Smoke and flame rise from an oil storage tank that was set on fire amid fighting between rival factions at Ras Lanuf terminal, Libya in this handout picture released on June 18, 2018. The National Oil Corporation. Handout via Reuters
Reuters

All oil exports from Libya’s east have been suspended after operations halted at two key ports, the Tripoli-based National Oil Corporation said Monday, in a further blow to the vital sector.

The NOC said a crisis following military strongman Khalifa Haftar’s recapture of ports in Libya’s oil crescent last month has slashed production, previously estimated at one million barrels a day, by 850,000 bpd.

The “National Oil Corporation has declared force majeure on crude oil loadings at Al-Hariga and Zweitina oil terminals”, it said in a statement.

Force majeure frees parties to a contract from their obligations due to circumstances beyond their control.

Exports from two other ports, Ras Lanuf and Al-Sidra, seized from a rival militia by Haftar’s self-styled Libyan National Army (LNA), were already suspended on June 14.

That, along with cuts to gas and other petrochemical exports, amounts to a $67.4 million (57.9 million euro) per day cut in Libya’s heavily oil-dependent public revenues, according to the NOC.

Libya has been wracked by chaos since the 2011 NATO-backed uprising that toppled and killed long-time dictator Moamer Kadhafi, with two rival authorities vying for control.

The LNA recaptured the terminals in June after they were seized by armed groups led by militia leader Ibrahim Jadhran, who had controlled them from 2011-2016.

Haftar’s forces said they would hand the installations and their revenues to an eastern administration that rivals the UN-backed government in Tripoli, warning that “no tanker will be allowed to dock” in the ports without permission from a Benghazi-based rival NOC.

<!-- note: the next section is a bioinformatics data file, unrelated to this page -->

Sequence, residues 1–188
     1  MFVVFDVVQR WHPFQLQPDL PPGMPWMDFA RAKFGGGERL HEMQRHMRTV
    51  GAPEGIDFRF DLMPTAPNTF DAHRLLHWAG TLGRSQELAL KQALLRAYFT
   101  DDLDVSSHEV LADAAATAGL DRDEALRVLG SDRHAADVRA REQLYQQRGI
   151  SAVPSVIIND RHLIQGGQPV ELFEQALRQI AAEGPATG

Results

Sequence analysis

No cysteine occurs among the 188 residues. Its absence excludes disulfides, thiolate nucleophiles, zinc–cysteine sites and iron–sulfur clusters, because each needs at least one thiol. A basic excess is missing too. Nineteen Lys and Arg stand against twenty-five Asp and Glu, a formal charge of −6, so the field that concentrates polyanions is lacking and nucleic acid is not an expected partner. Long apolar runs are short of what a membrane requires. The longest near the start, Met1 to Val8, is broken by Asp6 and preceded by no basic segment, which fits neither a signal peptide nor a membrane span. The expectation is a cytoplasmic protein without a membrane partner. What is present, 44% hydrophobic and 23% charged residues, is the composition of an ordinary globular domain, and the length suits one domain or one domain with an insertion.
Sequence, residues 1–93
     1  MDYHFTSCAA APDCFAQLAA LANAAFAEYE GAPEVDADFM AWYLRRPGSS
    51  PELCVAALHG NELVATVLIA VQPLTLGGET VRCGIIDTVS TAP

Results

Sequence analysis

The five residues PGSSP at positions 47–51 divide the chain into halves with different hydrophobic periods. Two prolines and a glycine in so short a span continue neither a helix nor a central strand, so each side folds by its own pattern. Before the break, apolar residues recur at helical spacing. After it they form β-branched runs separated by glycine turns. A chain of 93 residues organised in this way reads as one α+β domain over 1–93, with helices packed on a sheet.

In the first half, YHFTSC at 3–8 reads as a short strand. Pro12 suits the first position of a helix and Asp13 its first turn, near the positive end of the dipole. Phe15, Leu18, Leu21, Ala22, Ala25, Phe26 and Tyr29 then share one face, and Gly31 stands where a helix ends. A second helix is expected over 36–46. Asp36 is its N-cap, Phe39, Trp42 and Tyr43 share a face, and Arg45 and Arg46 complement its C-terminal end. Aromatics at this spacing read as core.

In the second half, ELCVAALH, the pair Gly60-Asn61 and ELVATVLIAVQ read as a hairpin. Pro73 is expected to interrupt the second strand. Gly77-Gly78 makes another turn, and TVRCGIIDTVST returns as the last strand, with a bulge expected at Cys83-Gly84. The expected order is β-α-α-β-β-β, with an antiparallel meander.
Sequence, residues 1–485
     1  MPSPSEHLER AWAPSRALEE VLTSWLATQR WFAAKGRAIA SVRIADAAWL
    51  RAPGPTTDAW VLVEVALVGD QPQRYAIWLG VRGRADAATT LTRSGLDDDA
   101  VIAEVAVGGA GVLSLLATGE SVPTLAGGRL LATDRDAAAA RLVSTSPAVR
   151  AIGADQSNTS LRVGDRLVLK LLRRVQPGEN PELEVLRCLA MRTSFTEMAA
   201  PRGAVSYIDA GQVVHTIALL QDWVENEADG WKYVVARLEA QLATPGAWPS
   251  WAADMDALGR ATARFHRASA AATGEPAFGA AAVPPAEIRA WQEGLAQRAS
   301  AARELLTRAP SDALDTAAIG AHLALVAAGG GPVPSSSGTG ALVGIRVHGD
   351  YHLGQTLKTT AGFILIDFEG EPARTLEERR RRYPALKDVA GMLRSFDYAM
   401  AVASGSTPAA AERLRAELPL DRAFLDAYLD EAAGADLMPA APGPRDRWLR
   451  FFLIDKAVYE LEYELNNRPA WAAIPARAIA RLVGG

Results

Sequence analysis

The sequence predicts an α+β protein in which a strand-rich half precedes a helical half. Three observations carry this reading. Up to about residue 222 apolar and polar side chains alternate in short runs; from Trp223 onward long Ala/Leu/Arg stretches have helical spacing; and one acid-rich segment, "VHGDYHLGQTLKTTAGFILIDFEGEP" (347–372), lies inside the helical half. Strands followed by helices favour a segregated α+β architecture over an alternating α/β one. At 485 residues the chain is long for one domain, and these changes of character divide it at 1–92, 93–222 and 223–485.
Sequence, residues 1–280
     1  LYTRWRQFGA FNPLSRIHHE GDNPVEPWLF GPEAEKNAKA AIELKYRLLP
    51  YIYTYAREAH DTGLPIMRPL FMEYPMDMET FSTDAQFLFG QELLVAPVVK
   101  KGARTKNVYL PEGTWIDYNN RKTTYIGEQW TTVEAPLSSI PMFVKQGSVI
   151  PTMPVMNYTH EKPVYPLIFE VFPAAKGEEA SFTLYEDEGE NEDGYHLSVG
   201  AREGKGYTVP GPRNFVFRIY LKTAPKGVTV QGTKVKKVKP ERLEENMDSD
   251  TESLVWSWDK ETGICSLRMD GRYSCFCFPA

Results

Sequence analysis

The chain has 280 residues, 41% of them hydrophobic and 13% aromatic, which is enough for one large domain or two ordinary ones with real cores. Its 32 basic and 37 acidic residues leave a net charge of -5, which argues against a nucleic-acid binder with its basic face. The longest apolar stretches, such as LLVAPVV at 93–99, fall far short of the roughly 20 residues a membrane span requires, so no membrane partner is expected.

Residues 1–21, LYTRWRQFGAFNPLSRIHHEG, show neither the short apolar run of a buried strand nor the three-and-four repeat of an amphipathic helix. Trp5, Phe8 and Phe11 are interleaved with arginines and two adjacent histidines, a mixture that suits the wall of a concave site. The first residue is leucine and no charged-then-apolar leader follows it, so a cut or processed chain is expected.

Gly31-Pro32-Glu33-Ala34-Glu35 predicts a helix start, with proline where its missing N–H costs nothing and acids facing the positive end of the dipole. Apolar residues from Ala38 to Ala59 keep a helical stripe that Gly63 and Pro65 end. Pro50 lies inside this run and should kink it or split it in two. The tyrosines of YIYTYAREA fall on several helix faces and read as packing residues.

But Libya’s unity government last week urged the United Nations to block any “illegal” oil exports and the Tripoli-based NOC said Monday it was the “only recognised Libyan entity” responsible for oil production and export.

“Despite our warnings of the consequences and attempts to reason with the LNA general command, two legitimate allocations were blocked from loading at Al-Hariga and Zweitina this weekend,” said NOC chairman Mustafa Sanallah.

“The storage tanks are full and production will now go offline.”

In the statement, the NOC called on Haftar’s forces to lift their blockade, saying losses to the public purse “since the attack on Al-Sidra and Ras Lanuf… by Ibrahim Jadhran is more than $650 million”.

Libya produced 1.6 million bpd of oil before Kadhafi’s ouster in February 2011. Production fell by about 20 percent after the revolution, before recovering to one million bpd by the end of 2017.

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